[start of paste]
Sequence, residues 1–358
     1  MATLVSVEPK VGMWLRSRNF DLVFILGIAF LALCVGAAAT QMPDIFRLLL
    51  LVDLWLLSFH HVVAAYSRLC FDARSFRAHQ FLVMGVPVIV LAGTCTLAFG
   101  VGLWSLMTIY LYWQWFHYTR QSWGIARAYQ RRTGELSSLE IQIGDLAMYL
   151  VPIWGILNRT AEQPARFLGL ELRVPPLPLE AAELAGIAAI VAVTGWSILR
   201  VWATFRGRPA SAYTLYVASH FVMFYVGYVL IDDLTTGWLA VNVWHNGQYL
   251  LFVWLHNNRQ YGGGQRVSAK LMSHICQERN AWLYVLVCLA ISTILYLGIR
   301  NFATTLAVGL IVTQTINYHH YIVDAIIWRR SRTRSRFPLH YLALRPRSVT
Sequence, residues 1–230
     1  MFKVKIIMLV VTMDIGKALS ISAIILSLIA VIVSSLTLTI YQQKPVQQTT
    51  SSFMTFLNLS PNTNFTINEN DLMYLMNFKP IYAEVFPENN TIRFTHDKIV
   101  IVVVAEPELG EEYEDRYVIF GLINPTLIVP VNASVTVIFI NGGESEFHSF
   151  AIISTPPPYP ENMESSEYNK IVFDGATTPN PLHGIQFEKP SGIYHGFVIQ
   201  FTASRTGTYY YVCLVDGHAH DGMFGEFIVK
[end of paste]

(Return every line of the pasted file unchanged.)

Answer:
Sequence, residues 1–358
     1  MATLVSVEPK VGMWLRSRNF DLVFILGIAF LALCVGAAAT QMPDIFRLLL
    51  LVDLWLLSFH HVVAAYSRLC FDARSFRAHQ FLVMGVPVIV LAGTCTLAFG
   101  VGLWSLMTIY LYWQWFHYTR QSWGIARAYQ RRTGELSSLE IQIGDLAMYL
   151  VPIWGILNRT AEQPARFLGL ELRVPPLPLE AAELAGIAAI VAVTGWSILR
   201  VWATFRGRPA SAYTLYVASH FVMFYVGYVL IDDLTTGWLA VNVWHNGQYL
   251  LFVWLHNNRQ YGGGQRVSAK LMSHICQERN AWLYVLVCLA ISTILYLGIR
   301  NFATTLAVGL IVTQTINYHH YIVDAIIWRR SRTRSRFPLH YLALRPRSVT
Sequence, residues 1–230
     1  MFKVKIIMLV VTMDIGKALS ISAIILSLIA VIVSSLTLTI YQQKPVQQTT
    51  SSFMTFLNLS PNTNFTINEN DLMYLMNFKP IYAEVFPENN TIRFTHDKIV
   101  IVVVAEPELG EEYEDRYVIF GLINPTLIVP VNASVTVIFI NGGESEFHSF
   151  AIISTPPPYP ENMESSEYNK IVFDGATTPN PLHGIQFEKP SGIYHGFVIQ
   201  FTASRTGTYY YVCLVDGHAH DGMFGEFIVK